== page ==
Current accounts get upgrade as challenger banks shake up everyday payments

Mobile has transformed the way customers manage their day-to-day finances and spend money, resulting in them interacting with their banks far more frequently through apps and other online services. The UK will be home to more than 43.6 million smartphone users by the end of 2017, m-commerce sales are now worth billions and payments are increasingly integrating with social media applications such as WhatsApp and Facebook.

Through multiple mobile touchpoints, consumers are giving more of themselves to their banks than ever before. But traditional banks are failing to translate this unprecedented wave of interactions into a more engaging customer experience due to a reluctance to invest in current accounts, an area they consider complex and a drag on profitability.

“For many banks, everyday payments are far from their core focus because current accounts have been considered loss-making products,” says Anne Boden, chief executive at Starling Bank, an app-only bank founded three years ago. “They’ve been more interested in the products they can cross-sell or up-sell like mortgages, loans and ISAs. So while people are engaging so much more with banks, banks are not responding.”

Current accounts are people’s day-to-day banking centres and represent the central part of their financial lives. But providing an exceptional user experience requires significant investment in a nimble and resilient infrastructure. It’s hard for traditional banks to do this because of the infrastructure and processes already in place, and starting a new bank was previously too complex and expensive. Nearly two-thirds of UK adults now bank via mobile, but 43 per cent believe products no longer fit their lifestyle.

However, changes in regulations have allowed more companies to not only break into the payments industry, but disrupt it with a fresh and innovative approach. The biggest winners of these developments are customers because new challengers such as Starling have everyday payments built into the heart of their operations.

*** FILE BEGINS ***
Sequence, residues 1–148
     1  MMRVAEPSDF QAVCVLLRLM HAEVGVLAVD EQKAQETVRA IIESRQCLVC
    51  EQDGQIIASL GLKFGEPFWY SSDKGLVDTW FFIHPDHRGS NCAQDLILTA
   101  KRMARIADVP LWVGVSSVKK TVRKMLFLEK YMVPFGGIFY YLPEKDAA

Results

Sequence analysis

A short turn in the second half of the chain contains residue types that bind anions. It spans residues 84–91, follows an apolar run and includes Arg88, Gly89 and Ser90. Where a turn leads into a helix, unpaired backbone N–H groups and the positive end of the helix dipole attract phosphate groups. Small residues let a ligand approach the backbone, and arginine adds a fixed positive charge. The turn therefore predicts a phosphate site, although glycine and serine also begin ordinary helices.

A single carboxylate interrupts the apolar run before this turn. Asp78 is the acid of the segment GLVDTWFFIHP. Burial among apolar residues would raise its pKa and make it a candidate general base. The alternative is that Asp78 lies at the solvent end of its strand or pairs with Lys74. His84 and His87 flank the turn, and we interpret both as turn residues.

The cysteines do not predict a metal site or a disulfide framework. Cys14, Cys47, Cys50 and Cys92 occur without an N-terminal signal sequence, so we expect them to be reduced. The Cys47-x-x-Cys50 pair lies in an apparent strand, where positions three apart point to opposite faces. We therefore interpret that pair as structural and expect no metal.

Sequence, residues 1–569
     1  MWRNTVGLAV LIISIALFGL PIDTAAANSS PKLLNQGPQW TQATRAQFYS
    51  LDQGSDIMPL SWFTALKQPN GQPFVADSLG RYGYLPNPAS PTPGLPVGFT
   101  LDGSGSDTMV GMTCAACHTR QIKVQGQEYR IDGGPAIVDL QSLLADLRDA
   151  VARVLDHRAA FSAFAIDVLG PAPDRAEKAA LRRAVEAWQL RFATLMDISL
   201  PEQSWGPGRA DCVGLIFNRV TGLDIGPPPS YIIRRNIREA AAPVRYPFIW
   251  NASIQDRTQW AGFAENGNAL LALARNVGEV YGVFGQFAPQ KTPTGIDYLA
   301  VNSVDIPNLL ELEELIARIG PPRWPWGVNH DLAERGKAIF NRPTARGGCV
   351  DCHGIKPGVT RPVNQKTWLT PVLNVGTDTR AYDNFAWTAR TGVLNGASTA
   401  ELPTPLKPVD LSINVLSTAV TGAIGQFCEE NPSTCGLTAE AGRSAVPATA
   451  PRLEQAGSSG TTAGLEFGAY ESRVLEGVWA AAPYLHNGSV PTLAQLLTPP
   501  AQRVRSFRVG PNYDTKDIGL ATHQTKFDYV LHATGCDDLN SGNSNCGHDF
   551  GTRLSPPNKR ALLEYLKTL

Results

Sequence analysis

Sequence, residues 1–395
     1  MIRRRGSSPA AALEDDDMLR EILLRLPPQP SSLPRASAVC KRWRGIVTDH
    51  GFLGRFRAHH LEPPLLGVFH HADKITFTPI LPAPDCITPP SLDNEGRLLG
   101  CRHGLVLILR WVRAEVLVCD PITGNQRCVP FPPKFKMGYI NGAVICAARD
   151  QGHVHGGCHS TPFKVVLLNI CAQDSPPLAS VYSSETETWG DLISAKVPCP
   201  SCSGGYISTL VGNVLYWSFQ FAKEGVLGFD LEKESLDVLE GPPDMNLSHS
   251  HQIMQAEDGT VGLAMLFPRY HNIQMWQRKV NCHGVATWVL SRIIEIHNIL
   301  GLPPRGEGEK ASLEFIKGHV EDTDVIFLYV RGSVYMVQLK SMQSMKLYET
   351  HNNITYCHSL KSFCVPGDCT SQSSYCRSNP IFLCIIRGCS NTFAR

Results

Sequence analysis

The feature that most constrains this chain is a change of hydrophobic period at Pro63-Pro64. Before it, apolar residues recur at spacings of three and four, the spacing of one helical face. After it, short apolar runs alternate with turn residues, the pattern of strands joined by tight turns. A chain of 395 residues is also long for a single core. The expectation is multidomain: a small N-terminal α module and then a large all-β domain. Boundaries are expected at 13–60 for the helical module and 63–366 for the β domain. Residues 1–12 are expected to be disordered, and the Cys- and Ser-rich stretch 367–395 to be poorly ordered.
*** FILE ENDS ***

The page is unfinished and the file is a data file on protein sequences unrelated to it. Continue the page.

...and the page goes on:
We are helping people to manage their money in a modern, efficient and secure way, all from their mobiles

Starling users can receive real-time mobile notifications for income and outgoings, making them instantly aware of their finances. Spending is automatically categorised and portioned with percentage values allocated to individual merchants. Daily spending can be checked at a glance and payments can be set up in an app with the option to add images to keep track of them visually. Meanwhile, in-app security means users can instantly lock their card if lost, unlock it again if found and control where it can be used, online, offline or at ATMs.

“We’ve built our own systems from scratch, and with the resilience and infrastructure necessary to provide both a great service for customers as well as a means of engaging with them through the process,” says Ms Boden. “We are helping people to manage their money in a modern, efficient and secure way, all from their mobiles.

“Banks have existed for decades with legacy technology built on top of other legacy technology, so naturally they are not going to transform overnight. Creating a mobile-only current account from scratch means we have completely different ambitions when it comes to technology and providing the best service for our customers.”

Starling isn’t just shaking up consumer payments, but also the business-to-business payments industry with Starling Payment Services, the only sponsor bank offering real-time faster payments access. Its on-boarding time from initial inquiry to sending the first payment using its published application programming interfaces or APIs is under 12 weeks, including extended due diligence, risk committees and contracts.

The bank is also building a network of other fintech products and startups that can integrate with its APIs through the Starling Marketplace, Europe’s first fully regulated connective platform. This will make Starling the gateway to financial products offered by other fintechs, startups, payment service providers and corporates.

“Very soon, payments will be synonymous with the way we live our lives. There will be no physical, visible objects attached to activities, including banking,” says Ms Boden. “We’ll be paying for purchases without having to check out at tills and we’ll travel without taking out a card, using technology such as Apple Pay and Android Pay to make payments.”

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